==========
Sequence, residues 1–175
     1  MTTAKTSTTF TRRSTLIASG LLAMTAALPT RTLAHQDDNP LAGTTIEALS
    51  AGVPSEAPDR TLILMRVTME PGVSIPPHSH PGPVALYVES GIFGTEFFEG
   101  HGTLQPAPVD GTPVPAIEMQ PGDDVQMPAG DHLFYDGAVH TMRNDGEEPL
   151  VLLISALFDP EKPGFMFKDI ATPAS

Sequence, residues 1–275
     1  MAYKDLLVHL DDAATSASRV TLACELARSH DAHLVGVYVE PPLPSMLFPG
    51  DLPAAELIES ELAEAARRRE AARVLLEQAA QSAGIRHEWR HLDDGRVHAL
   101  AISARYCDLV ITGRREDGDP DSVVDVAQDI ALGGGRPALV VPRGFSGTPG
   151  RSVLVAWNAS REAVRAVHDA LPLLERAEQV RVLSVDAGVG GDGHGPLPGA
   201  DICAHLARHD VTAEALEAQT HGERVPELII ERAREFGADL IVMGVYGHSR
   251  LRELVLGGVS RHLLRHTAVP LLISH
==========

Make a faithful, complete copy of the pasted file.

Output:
Sequence, residues 1–175
     1  MTTAKTSTTF TRRSTLIASG LLAMTAALPT RTLAHQDDNP LAGTTIEALS
    51  AGVPSEAPDR TLILMRVTME PGVSIPPHSH PGPVALYVES GIFGTEFFEG
   101  HGTLQPAPVD GTPVPAIEMQ PGDDVQMPAG DHLFYDGAVH TMRNDGEEPL
   151  VLLISALFDP EKPGFMFKDI ATPAS

Sequence, residues 1–275
     1  MAYKDLLVHL DDAATSASRV TLACELARSH DAHLVGVYVE PPLPSMLFPG
    51  DLPAAELIES ELAEAARRRE AARVLLEQAA QSAGIRHEWR HLDDGRVHAL
   101  AISARYCDLV ITGRREDGDP DSVVDVAQDI ALGGGRPALV VPRGFSGTPG
   151  RSVLVAWNAS REAVRAVHDA LPLLERAEQV RVLSVDAGVG GDGHGPLPGA
   201  DICAHLARHD VTAEALEAQT HGERVPELII ERAREFGADL IVMGVYGHSR
   251  LRELVLGGVS RHLLRHTAVP LLISH